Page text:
There will be a baseball season, but it may not be 162 games. Regardless, there will be baseball. But along with the loss of games, the league and players union is risking the loss of more fans in a sport where the fanbase is older than other sports in this country and one that risks younger fans going to other sports like soccer and hockey.

The two sides were in the same place Monday for talks, and reports say the sides did more talking amongst their own group than they did working to negotiate…

Evan Drellich’s Twitter feed from Monday is worth a read if you want a first-hand account of what happened. The most important thing is that there’s still no deal to end the lockout as Spring Training games have already been postponed until March 5 and the March 31 date for Opening Day draws closer.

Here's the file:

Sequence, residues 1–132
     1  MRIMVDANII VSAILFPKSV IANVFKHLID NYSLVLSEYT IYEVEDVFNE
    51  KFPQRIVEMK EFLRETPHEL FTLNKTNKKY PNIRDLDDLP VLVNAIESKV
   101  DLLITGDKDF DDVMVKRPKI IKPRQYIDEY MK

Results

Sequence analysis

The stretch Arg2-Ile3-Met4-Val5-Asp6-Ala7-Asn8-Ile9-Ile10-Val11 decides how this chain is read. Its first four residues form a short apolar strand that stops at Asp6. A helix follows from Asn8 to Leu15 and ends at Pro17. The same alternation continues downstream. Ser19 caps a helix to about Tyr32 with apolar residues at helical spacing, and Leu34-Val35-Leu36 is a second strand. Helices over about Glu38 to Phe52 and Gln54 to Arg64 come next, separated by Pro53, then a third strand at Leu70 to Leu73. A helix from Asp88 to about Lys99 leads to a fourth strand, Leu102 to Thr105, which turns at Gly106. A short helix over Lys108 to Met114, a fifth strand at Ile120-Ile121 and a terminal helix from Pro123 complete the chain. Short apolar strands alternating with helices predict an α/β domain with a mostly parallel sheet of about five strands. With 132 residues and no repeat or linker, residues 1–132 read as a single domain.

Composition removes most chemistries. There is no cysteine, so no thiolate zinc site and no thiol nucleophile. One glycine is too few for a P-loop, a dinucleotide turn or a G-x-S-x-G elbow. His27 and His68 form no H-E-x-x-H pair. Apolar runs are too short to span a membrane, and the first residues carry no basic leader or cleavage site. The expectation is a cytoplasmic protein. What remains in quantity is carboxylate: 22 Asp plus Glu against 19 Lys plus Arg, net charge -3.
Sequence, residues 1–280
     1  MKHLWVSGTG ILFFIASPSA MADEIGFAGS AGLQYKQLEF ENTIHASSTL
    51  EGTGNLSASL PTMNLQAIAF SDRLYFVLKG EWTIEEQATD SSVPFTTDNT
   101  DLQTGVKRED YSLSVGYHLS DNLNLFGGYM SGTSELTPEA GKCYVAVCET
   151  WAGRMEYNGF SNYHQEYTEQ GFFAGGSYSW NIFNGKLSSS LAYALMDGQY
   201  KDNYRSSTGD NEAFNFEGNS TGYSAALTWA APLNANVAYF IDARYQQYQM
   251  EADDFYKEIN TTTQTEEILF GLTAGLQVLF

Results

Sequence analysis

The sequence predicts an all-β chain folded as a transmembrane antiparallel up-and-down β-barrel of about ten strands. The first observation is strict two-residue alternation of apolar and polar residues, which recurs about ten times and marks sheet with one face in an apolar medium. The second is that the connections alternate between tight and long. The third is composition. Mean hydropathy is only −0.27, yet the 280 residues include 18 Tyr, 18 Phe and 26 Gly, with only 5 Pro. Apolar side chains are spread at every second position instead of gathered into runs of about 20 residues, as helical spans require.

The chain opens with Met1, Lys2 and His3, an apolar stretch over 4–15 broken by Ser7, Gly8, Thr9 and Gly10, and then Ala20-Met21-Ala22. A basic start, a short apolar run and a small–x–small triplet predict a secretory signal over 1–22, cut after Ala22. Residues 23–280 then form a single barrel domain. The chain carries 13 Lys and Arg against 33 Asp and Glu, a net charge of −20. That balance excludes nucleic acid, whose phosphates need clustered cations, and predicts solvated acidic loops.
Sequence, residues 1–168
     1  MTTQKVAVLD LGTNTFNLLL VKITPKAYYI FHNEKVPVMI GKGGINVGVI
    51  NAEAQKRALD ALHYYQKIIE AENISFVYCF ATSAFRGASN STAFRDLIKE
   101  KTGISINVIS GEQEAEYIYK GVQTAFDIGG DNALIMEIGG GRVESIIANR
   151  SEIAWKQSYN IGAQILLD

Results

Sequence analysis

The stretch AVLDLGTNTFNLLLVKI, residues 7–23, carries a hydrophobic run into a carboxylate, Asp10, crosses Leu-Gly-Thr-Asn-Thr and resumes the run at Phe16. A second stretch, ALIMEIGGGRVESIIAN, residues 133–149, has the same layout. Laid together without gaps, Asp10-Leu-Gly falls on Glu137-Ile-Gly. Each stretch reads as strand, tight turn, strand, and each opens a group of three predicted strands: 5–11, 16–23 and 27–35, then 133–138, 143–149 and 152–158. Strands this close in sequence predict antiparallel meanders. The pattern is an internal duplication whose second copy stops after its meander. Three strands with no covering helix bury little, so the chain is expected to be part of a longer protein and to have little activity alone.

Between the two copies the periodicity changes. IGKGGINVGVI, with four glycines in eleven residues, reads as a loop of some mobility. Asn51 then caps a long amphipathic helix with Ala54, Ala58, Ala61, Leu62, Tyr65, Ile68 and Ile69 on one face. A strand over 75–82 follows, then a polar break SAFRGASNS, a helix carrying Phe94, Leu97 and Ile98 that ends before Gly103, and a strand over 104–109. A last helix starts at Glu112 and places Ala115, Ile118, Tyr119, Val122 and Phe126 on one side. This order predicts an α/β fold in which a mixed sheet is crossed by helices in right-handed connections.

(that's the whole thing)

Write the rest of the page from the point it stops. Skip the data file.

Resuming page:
Baseball’s way of doing things can frustrate fans. Whether it is the Hall of Fame voting, the D.H. or the handling of any lockout or strike, Major League Baseball doesn’t do itself any favors with the current lockout that is now bleeding into a time when pitchers and catchers should have already reported.

The two sides are planning to meet again Tuesday and hopefully a deal is reached by the end of the week. Let’s hope that the two sides are at the same table in the same room longer than they were on Monday.

There will be baseball, but the fans will have the bad aftertaste of the “Billionaires vs. Millionaires” rhetoric they’ll try to wash away with a $12 beer they purchase during a game.